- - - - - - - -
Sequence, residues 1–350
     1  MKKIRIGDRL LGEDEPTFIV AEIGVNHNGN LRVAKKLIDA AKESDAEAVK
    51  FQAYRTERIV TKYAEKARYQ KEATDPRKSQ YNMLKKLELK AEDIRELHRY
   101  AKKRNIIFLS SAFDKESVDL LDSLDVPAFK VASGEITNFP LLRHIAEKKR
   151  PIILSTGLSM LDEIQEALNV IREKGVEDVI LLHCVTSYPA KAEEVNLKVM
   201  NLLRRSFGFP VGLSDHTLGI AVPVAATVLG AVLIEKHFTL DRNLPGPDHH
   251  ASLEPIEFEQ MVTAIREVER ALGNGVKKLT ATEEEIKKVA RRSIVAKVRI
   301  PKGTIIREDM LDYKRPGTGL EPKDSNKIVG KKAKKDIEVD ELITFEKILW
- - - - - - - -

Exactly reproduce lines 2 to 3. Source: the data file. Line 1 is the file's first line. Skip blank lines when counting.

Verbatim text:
     1  MKKIRIGDRL LGEDEPTFIV AEIGVNHNGN LRVAKKLIDA AKESDAEAVK
    51  FQAYRTERIV TKYAEKARYQ KEATDPRKSQ YNMLKKLELK AEDIRELHRY